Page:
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“A Beast/A Burden” — Not Your Average Animal

“What is art? I honestly don’t care.”

Chris Burden


By Ernest Kearney   —  If most non-artists know the name Chris Burden (1946-2015), it is for the art installation “Urban Light,” in front of the Los Angeles County Museum of Art on Wilshire Boulevard, featuring 202 antique street lamps that once provided illumination to neighborhoods scattered throughout the city.

 

But early on, during the ‘70s and early ‘80s, Burden was the mad man of the art world, with performance pieces that skirted the line between artistry and atrocity.

 

In 1973 there was “Fire Roll,” in which Burden rolled about in the flames of a pair of pants he had passed among his friends before soaking them with lighter fuel, igniting them just prior to his plunge.

 

And there was “Trans-fixed” (1974) a performance piece in which Burden had himself crucified on a Volkswagen Beetle with nails driven through both hands.

 

When asked about these extreme actions and the danger involved, Burden was famous for saying, “I’ll explode rather than evaporate.”

 

A Beast/A Burden, written and directed by Billy Ray Brewton, follows Burden (Ben Hethcoat) over the course of the ‘70s, focusing on three of his most outrageous performance pieces, including the filming of “Shoot” in 1971 in which a handful of friends gathered to watch him being shot in the arm by a 22-caliber rifle.  (Click HERE to view on YouTube)

It also recounts the breakup of his marriage to Barbara Burden (Jessica Deshaw); the artist managed to make even that event into a performance piece.

 

The script by Brewton is solid, as is his direction.  Hethcoat and Deshaw are both exceptional in their depiction of a young couple being torn apart by the creative drive that fuels, only, one of them.

Fringe Award-Gold Medal-The TVolution

The rest of the cast Leah Lamarr, Brennan Murray, Anthony Rey Perez and Corsica Wilson fill multiple roles with the ease and distinction that comes of talent.

 

A Beast/A Burden is a brief and first-rate introduction to one of the contemporary art world’s more perplexing figures.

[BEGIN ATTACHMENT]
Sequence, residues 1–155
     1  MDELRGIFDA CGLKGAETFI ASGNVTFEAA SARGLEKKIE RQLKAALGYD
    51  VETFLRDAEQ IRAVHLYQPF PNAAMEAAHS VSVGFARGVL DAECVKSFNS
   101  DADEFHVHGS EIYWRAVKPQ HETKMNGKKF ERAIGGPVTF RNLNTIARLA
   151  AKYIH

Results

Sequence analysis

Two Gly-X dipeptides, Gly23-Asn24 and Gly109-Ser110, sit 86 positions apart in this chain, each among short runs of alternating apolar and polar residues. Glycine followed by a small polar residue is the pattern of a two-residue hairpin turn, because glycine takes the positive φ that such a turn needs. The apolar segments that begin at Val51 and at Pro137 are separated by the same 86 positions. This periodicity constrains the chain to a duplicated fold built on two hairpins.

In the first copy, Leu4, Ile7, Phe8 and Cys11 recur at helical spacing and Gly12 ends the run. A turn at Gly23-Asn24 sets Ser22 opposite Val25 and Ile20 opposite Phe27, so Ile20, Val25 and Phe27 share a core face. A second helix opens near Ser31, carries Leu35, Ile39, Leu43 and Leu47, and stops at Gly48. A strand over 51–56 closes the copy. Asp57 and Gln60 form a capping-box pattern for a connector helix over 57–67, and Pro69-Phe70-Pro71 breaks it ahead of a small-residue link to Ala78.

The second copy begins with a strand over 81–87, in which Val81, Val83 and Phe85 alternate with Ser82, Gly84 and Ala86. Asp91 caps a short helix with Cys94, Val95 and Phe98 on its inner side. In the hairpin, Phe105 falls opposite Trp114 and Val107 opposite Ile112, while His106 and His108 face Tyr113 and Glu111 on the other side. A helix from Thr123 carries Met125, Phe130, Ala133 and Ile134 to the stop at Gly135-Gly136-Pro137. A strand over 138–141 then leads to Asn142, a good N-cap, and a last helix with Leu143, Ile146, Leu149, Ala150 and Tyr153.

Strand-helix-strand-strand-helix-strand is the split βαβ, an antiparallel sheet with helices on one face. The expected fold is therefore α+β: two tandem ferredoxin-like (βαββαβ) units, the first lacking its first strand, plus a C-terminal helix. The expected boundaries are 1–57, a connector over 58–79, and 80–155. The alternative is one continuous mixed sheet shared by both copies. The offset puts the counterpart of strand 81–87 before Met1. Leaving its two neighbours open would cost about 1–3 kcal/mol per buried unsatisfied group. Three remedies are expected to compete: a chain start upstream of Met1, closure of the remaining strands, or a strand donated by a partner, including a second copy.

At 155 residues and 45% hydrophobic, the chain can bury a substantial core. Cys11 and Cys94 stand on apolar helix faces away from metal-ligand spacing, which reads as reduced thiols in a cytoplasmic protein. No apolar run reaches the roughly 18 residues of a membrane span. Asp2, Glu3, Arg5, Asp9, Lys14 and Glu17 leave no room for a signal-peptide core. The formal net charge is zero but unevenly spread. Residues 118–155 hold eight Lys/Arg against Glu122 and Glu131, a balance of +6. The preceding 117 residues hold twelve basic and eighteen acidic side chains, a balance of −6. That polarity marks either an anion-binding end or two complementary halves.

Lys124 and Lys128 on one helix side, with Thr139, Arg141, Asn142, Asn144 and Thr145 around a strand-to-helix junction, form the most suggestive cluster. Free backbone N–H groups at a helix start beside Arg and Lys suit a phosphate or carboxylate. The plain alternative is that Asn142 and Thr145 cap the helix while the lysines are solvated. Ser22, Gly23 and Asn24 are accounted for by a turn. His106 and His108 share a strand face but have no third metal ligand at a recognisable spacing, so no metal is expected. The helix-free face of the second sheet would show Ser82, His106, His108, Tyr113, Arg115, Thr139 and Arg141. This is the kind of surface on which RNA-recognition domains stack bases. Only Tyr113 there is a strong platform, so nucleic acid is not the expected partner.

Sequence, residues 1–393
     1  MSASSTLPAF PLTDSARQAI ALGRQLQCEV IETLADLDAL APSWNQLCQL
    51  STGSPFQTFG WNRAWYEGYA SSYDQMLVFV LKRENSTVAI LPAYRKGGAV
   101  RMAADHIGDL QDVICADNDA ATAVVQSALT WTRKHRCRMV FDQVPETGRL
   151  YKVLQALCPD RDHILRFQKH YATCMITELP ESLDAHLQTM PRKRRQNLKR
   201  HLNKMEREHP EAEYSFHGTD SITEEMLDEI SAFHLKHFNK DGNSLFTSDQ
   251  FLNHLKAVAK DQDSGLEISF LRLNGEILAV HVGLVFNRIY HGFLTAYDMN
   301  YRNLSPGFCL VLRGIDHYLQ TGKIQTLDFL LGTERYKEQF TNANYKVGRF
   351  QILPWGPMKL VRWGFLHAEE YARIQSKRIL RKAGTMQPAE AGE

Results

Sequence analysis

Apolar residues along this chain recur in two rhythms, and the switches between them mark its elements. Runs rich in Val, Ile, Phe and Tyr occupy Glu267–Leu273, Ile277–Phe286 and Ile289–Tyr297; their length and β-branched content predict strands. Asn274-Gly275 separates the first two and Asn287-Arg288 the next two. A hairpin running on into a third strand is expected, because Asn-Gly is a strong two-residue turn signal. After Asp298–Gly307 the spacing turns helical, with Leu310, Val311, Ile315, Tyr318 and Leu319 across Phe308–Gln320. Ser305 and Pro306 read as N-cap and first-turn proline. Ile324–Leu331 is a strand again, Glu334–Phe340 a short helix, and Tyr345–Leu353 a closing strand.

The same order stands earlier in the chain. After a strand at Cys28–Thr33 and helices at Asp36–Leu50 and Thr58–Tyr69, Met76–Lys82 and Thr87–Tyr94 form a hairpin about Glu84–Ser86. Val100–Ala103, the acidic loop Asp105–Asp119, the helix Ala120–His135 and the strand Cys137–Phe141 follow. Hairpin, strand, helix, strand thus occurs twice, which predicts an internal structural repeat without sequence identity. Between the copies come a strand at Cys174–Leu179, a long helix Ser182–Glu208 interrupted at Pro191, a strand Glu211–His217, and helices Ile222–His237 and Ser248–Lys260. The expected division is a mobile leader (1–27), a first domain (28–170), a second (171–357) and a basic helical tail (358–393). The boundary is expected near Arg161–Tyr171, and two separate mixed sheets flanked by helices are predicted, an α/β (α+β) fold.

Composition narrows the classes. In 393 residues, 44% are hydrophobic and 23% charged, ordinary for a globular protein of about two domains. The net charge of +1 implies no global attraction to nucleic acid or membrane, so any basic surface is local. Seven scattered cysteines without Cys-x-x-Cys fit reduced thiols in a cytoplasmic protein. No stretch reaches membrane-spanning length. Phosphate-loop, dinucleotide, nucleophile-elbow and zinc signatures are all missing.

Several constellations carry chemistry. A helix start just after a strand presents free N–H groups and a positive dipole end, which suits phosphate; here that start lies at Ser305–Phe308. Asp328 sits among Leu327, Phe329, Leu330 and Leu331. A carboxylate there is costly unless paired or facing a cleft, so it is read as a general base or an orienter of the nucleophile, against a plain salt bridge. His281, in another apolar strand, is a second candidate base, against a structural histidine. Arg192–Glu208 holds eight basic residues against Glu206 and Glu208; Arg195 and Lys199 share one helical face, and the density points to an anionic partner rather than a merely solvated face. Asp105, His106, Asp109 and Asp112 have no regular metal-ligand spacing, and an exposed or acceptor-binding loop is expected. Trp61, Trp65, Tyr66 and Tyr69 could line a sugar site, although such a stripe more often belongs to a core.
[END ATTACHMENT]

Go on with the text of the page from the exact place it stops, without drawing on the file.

For that a GOLD MEDAL.

 

 

♦      ♦      ♦

A Beast/A Burden

Has Been Extended:

Friday, Saturday June 29, 2018 @ 8:00 pm

and

Saturday, Sunday June 30, 2018 @ 5:00 pm

 Go To http://hff18.org/4940 for Complete Information, Tickets and Reservations

Venue:

The Broadwater (Black Box)
6322 Santa Monica Blvd


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and for all Fringe updates click HERE.


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Written by

An award-winning L.A. playwright and rabble-rouser of note who has hoisted glasses with Orson Welles, been arrested on three continents and once beat up Charlie Manson. His first play, "Among the Vipers" was a semi-finalist in the Julie Harris Playwriting Competition and was featured in the Carnegie-Mellon Showcase of New Plays. It was produced at the NPT Theater in Ashland, Oregon and Los Angeles’ celebrated Odyssey Ensemble Theatre. His following play, “The Little Boy Who Loved Monsters” was produced at The Hollywood Actors Theater, where he earned praise from the Los Angeles Times for his “…inordinately creative writing.” The play went on to numerous other productions including Berlin’s The Black Theatre under the direction of Rainer Fassbinder who wrote in his program notes of Kearney, “He is a skilled playwright, but more importantly he is a dangerous one.” Ernest Kearney has worked as literary manager or as dramaturge for among others The Hudson Theater Guild, Nova Diem and the Odyssey Ensemble Theatre, where he still serves on the play selection committee. He has been the recipient of two Dramalogue Awards and a finalist or semi-finalist, three times, in the Julie Harris Playwriting Competition. His work has been performed by Michael Dunn, Sandra Tsing Loh, Jack Colvin and Billy Bob Thornton, and to date, either as playwright or director, he has upwards of a hundred and thirty productions under his belt, including a few at the Bob Baker Marionette Theater as puppeteer. After a wild and misspent youth, which lasted well into middle age, Kearney has settled down and is focusing on his writing, as well as living happily ever after with his lovely wife Marlene. Ernest’s stage reviews and social essays can be found at TheTVolution.com and workingauthor.com. Follow him on Facebook.

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